Anyone living or working in a city has feared or experienced street crime at one time or another; whether it be a mugging, purse snatching, or a more violent crime. In the U.S., street crime has recently hovered near historic lows; hence, the declaration of certain analysts that street life in America has never been safer. But is it really? Street crime has changed over past decades, especially with the advent of surveillance cameras in public places―the territory of the street criminal―but at the same time, criminals have found ways to adapt. This encyclopedic reference focuses primarily on urban lifestyle and its associated crimes, ranging from burglary to drug peddling to murder to new, more sophisticated forms of street crime and scams. This traditional A-to-Z reference has significant coverage of police and courts and other criminal justice sub-disciplines while also featuring thematic articles on the sociology of street crime.
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Jeffrey Ian Ross, Ph.D. is an Professor, School of Criminal Justice, and a Research Fellow at the Center for Comparative and International Law at the University of Baltimore. He has conducted research, written, and lectured on national security, political violence, political crime, policing, and corrections for over fifteen years. His work has appeared in many academic journals and books, as well as articles in popular magazines. He is the author of Making News of Police Violence (Praeger, 2000), co-author (with Stephen C. Richards) of Behind Bars: Surviving Prison (Macmillan, 2002), editor of Controlling State Crime (2nd Ed.) Transaction Books, 2000), Violence in Canada: Sociopolitical Perspectives (Oxford University Press, 1995), Cutting The Edge: Current Perspectives in Radical/Critical Criminology and Criminal Justice (Praeger, 1998), Varieties of State Crime and its Control (Criminal Justice Press, 1999), and the coeditor (with Stephen C. Richards) of Convict Criminology (Wadsworth, 2002). In 1986 Ross was the lead expert witness for the Senate of Canada's Special Committee on Terrorism and Public Safety. He received his Ph.D. in Political Science from the University of Colorado and was a Social Science Analyst with the National Institute of Justice, a division of the U.S. Department of Justice before coming to the University of Baltimore.From Booklist:
*Starred Review* Although street crime affects cities, communities, and families across the country, it is a topic generally not given exclusive coverage in criminology or criminal-justice reference works or textbooks. Encyclopedia of Street Crime in America is unique in that it focuses solely on the various aspects of street crime, providing comprehensive coverage of such topics as well-known criminal cases, types of crimes and perpetrators, law-enforcement and other governmental and community-based criminal-justice agencies, notable politicians, legislation and initiatives, crime-prevention strategies, and criminology theory. The detailed, up-to-date entries give historical and statistical information, real-life examples, pros and cons, public reaction, and the state of the topic today. Each entry contains a see also section, directing readers to related topics, and a bibliography for further reading. The volume also contains additional information to aid in utilizing the volume effectively and understanding the history and complexities of street crime. The traditional A–Z entry list is supplemented by a “Reader’s Guide,” which organizes entries by broad theme, and an accurate, detailed index with cross-referencing. A chronology highlighting major events and factors affecting street crime from 1630 to the present day; a glossary defining street-crime-related terms that are heavily used in the media and popular culture; and an appendix that illustrates and interprets population changes, crime data, and statistics from 25 of the largest U.S. cities provide context and a historical perspective. Finally, a resource guide lists relevant books, journals, and websites for further research. Encyclopedia of Street Crime in America provides complete, current coverage of a unique and relevant topic. Not only is the volume an invaluable resource for students of sociology, psychology, criminology, criminal justice, and political science but it contains interesting and useful information on a topic that affects us daily, making this volume a great addition to public and university libraries. --Kaela Casey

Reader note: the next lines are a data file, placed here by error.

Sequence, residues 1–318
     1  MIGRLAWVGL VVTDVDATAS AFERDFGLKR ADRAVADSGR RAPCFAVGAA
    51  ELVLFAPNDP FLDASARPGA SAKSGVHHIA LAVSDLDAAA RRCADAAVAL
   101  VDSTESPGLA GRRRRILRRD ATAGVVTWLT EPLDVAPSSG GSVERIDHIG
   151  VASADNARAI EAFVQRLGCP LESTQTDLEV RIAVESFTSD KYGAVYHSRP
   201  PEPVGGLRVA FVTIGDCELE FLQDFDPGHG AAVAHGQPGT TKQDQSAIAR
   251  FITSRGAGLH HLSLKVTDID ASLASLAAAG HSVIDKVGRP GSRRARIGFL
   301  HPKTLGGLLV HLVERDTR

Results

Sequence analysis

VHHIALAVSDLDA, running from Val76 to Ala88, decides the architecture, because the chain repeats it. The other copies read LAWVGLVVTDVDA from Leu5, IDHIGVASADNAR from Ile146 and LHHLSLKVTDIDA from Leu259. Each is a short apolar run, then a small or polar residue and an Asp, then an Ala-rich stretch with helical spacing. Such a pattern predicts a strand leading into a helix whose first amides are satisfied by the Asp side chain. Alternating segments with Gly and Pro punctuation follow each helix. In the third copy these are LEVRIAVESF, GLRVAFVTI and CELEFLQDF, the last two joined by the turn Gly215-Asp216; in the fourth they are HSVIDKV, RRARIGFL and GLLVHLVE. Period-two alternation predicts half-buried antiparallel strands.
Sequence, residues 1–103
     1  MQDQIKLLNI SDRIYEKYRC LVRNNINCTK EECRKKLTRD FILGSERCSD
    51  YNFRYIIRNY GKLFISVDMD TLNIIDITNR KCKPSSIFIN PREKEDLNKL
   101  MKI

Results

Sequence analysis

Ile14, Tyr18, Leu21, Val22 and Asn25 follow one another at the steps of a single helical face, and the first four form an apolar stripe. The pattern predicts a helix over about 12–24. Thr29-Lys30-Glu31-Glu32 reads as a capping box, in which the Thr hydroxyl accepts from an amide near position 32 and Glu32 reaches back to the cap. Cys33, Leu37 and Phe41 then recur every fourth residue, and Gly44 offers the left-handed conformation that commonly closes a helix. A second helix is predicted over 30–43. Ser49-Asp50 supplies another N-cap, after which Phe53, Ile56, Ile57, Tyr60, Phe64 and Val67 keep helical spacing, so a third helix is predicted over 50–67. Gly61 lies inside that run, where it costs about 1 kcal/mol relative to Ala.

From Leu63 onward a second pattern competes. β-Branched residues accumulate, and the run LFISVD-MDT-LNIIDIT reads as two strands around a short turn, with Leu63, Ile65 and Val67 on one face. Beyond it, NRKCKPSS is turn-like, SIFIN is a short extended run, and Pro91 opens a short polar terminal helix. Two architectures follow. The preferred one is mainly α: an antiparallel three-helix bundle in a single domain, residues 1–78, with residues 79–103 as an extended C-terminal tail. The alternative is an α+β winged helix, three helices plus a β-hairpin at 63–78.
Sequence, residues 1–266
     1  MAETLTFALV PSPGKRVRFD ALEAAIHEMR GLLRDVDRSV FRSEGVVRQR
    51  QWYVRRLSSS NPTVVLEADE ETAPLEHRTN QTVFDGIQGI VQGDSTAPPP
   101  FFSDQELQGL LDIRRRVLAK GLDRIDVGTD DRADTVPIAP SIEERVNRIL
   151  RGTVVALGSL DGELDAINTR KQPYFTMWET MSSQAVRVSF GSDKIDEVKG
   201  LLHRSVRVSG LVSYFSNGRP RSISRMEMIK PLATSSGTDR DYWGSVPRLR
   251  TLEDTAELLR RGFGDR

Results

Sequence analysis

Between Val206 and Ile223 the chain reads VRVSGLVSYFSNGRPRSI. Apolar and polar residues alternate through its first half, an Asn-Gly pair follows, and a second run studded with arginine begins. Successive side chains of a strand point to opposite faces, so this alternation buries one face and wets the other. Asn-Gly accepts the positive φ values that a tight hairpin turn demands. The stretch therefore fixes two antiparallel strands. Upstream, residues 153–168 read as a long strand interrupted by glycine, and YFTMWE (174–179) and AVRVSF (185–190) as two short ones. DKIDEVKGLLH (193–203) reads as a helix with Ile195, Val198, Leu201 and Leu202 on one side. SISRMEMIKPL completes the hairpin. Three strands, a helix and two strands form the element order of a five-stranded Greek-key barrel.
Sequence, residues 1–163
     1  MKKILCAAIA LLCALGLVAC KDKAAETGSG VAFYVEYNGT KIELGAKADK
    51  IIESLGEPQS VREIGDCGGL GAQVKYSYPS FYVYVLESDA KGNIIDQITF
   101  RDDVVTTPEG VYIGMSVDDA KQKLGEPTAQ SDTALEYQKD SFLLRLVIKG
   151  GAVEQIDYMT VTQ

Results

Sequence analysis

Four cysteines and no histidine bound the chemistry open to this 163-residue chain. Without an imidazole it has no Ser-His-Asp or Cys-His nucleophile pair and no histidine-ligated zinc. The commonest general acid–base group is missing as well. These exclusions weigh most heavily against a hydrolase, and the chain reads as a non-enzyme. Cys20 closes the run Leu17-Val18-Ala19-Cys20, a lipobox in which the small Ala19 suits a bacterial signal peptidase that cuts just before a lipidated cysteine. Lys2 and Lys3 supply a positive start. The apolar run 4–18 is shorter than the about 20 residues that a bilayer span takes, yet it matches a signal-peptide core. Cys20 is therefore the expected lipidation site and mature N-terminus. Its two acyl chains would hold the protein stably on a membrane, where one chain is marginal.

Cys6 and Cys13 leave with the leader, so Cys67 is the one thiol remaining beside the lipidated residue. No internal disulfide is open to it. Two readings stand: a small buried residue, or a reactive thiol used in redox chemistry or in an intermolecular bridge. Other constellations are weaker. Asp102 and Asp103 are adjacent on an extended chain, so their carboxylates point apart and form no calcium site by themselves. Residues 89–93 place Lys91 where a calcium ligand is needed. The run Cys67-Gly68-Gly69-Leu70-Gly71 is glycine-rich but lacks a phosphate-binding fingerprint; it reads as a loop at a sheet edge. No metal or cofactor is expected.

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Book Description SAGE Reference 2013-05-14, Thousand Oaks, California, 2013. hardback. Book Condition: New. Bookseller Inventory # 9781412999571
Book Description Sage Publications, Inc. Hardcover. Book Condition: New. 141299957X New Condition. Bookseller Inventory # NEW7.1858541
Book Description SAGE Publications, Inc, 2013. Hardcover. Book Condition: New. Never used!. Bookseller Inventory # P11141299957X
Book Description Sage Pubns, 2013. Hardcover. Book Condition: Brand New. 1st edition. 576 pages. 11.75x8.75x1.50 inches. In Stock. Bookseller Inventory # 141299957X